On Wednesday the Court will hear arguments in cases with less technical issues, Trinity Lutheran Church of Columbia, Inc. v. Comer and Weaver v. Massachusetts. Trinity stems from a challenge to Missouri’s denial of grant to resurface a daycare playground. The denial stems from a provision of the state constitution that prohibits state aid from going to religious institutions. The Church argues this is a violation of the Equal Protection Clause. Above the Law addresses how Judge Gorsuch, given his prior decisions about the separation between church and state, could affect this case. And the case presents a new procedural twist. Last week, the Missouri governor announced that the state would now allow churches to receive funds under the playground surfacing program. The Court ordered the parties to submit letter briefs about whether this decision moots the case by noon on the day before argument.

In Weaver, the Court will analyzes ineffective counsel, structural error, and prejudice. The case involves a criminal defendant whose lawyer failed to object to the public (including the defendant’s mother and other supporters) being excluded from the courtroom during jury selection. Normally, the denial of a public trial is considered a “structural error” and the defendant does not need to demonstrate that he was prejudiced to receive a new trial. Here, however, the defendant’s public-trial claim is nested within an ineffective assistance of counsel claim. To win a new trial for ineffective assistance of counsel, the defendant must show that he was prejudiced by his attorney’s ineffectiveness. The state and intermediate federal courts have split on whether prejudice must be shown where structural error is the underlying basis for an ineffectiveness claim. And aside from the core issue of this case, there is a question of what constitutes a “public trial,” and what happens if a courtroom cannot accommodate everyone who would like to observe? Rory Little of SCOTUSblog explores further.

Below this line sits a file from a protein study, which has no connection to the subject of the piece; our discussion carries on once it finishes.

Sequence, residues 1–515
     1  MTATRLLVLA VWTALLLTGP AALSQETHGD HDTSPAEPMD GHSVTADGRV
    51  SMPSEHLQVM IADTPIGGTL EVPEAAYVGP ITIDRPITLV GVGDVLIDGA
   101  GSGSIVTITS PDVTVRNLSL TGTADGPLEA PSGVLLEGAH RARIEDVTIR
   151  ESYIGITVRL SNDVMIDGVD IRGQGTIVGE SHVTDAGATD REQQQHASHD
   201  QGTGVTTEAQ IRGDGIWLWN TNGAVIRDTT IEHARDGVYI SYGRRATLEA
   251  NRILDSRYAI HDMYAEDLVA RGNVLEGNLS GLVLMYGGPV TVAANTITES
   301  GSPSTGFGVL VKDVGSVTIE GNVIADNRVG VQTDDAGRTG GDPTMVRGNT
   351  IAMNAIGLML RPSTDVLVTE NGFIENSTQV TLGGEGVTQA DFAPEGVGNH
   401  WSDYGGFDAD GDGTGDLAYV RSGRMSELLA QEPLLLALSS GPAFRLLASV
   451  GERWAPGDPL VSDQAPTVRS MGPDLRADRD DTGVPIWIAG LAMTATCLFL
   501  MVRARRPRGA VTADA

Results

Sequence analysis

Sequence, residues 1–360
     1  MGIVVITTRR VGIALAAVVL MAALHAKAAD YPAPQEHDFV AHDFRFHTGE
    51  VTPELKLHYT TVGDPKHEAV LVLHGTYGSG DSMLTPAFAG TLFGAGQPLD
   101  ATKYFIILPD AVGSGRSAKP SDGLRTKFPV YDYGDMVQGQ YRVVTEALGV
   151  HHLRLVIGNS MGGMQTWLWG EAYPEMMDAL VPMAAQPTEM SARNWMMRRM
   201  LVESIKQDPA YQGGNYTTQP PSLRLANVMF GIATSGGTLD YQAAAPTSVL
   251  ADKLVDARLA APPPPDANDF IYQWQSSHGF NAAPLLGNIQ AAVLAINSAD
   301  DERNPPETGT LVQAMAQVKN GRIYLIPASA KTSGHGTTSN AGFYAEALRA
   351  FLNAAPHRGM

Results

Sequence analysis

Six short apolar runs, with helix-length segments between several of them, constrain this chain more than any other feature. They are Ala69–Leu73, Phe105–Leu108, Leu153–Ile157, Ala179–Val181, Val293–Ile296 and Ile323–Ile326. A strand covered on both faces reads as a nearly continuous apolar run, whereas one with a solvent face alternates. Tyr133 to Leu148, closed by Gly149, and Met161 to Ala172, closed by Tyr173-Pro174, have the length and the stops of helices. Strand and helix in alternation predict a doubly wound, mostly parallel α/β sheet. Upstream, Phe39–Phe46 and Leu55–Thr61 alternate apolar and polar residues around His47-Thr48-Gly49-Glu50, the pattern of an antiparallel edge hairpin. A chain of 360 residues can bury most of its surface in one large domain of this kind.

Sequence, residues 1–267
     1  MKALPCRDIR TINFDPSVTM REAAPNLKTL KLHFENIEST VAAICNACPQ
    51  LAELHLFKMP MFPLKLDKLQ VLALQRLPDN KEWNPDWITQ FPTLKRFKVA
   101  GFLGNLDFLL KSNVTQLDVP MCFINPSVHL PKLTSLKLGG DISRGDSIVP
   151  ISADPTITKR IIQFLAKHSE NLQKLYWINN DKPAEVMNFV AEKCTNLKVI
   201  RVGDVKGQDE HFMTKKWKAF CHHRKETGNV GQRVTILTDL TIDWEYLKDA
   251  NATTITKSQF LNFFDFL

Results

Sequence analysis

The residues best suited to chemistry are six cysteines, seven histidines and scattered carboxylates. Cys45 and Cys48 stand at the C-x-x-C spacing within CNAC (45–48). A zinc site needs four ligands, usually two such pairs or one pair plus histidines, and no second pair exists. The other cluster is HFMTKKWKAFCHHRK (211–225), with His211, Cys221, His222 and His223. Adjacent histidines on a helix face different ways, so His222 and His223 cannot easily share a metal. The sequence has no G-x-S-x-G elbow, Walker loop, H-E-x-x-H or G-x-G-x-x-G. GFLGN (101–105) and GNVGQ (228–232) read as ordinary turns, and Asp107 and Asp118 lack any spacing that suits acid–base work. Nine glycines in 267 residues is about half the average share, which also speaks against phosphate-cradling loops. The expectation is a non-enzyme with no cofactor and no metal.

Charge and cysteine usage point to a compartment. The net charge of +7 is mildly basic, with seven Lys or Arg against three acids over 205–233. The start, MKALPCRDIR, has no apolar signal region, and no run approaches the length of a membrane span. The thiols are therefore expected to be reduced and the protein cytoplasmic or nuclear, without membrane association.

Finally, the Court may release opinions on Tuesday and/or Wednesday this week, and it will meet for Conference on Friday.

Weekly Roundup – (delayed from) April 14, 2017

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On Monday, April 10, Neil Gorsuch was sworn in as the next associate Supreme Court justice, filling the seat of the late Justice Antonin Scalia which remained vacant for the past 422 days. ISCOTUSnow described the swearing-in ceremonies in the Week Ahead post here.

During the second ceremony, Gorsuch was sworn in by Justice Kennedy, for whom Gorsuch clerked in 1993. As Julie Hirschfield Davis of the New York Times notes, this is the first time in Supreme Court history that a sitting justice will serve alongside a justice who had previously served as his clerk, noting that “Justice Kennedy’s presence was symbolic personally for Justice Gorsuch” as he considers him a mentor. In an article for CNN, Joan Biskupic speculates as to when Justice Kennedy might retire, mentioning that he has privately hinted to close friends and former law clerks that he intends to retire in the next few years. Kennedy, appointed by Ronald Reagan in 1988, is a center-right justice who has joined the liberal voting bloc in several high-profile cases, including Obergefell v. Hodges, the case that legalized same-sex marriage and for which Kennedy penned the majority opinion. His departure from the Court would, as Biskupic describes, “be more momentous than the one filled on Monday after the February 13, 2016 death of rigid conservative Scalia. If President Donald Trump were to choose someone on the right-wing like Gorsuch to succeed Kennedy, the nation’s highest court would become significantly more conservative.”